Ntsikana was one of the only early followers of Christianity who did not advocate a wholescale rejection of African cultural practices such as polygamy, divination or consultation with ancestors. His world view and Christianity sought to integrate these systems, allowing Xhosa adherents of his Christian theology to retain important parts of their culture. By all accounts, he was one of South Africa’s first liberation theologians: “Ntsikana appropriated Christian symbols and used them to empower black people to direct their own transformation, using an evolutionary model. His work was focused on the reconstruction of the Xhosa culture and religion in order for it to be consistent with his newly found Christian faith.” (R. Smangaliso Kumalo 2014: 30). ter his death in 1821, he left a legacy of hymns in the vernacular, according to AC Jordan, “the earliest legacy of anything ever written by a Xhosa-speaker in Xhosa.” (Jordan 1973: 38). His best known hymns were the “Life Creator” hymn, and “Ulo Thixo omkhulu ngosezulwini”. Kumalo argues that Ntsikana’s life and work holds salient lessons for democratic South Africa, where political and religious discourses are intimately interwoven. Read R. Smangaliso Kumalo’s article here.

Download a free copy of the HSRC Press’s African Intellectuals in the 19th and Early 20th Century South Africa, which contains a chapter on Ntiskana’s life by Vuyani Booi.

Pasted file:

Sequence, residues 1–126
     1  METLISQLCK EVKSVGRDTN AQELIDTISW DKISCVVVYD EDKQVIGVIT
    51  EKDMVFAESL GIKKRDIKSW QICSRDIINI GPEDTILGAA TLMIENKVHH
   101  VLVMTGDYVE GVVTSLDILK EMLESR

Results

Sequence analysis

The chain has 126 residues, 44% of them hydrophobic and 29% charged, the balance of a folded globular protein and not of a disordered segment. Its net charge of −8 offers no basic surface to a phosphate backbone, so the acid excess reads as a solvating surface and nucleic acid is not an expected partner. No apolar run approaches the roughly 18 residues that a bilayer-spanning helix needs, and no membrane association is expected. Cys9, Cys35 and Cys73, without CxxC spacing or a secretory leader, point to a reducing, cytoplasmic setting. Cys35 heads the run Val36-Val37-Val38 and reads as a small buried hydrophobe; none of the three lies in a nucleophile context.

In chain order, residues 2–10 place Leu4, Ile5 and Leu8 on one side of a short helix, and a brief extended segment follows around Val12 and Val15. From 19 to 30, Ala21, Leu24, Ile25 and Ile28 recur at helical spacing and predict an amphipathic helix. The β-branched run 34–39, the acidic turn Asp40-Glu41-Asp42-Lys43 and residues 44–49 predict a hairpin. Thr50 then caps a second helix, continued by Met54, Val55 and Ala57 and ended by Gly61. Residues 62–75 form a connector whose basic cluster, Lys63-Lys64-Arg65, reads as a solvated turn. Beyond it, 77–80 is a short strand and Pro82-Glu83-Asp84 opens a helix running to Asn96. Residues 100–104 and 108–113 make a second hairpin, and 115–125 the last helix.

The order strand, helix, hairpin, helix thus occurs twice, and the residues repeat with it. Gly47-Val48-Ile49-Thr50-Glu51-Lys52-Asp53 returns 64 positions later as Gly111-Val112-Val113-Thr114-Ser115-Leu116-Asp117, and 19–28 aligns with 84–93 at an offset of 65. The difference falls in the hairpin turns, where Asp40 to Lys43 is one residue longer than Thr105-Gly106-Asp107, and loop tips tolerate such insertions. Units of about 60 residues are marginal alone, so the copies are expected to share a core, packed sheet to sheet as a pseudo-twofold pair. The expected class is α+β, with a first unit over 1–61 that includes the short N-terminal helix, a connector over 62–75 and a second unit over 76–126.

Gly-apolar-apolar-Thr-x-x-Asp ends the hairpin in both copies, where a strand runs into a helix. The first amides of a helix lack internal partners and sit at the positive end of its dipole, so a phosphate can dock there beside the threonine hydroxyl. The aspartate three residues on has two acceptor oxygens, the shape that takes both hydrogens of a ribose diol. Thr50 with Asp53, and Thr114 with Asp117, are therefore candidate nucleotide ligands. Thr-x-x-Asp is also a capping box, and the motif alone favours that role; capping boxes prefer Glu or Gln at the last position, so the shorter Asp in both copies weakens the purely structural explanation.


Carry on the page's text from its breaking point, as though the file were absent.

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On Violence: Whose Bodies Matter?

Violence is never acceptable.

In a democracy, where legal instruments exist as a remedy to injustice, the use of brute force to seek and maintain power or settle scores is abhorrent and unacceptable.

Yet we live in a country saturated with violence. Violence is in sharp focus as it spills over into the relatively protected enclaves of university campuses, in contestations over access and space. Continue reading

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Lauretta Ngcobo’s feminist contribution to African literature

Lauretta Ngcobo (1931-2015)

Lauretta Ngcobo (1931-2015)

Lauretta Ngcobo’s death has robbed us of a significant literary talent, freedom fighter, and feminist voice.

Born in 1931 in Ixopo in the then Natal Province, Ngcobo was one of three pioneering black South African women writers – the first to publish novels in English from the particular vantage point of black women. Along with Bessie Head and Miriam Tlali, Ngcobo showed the world what it was like to be black and woman in apartheid South Africa.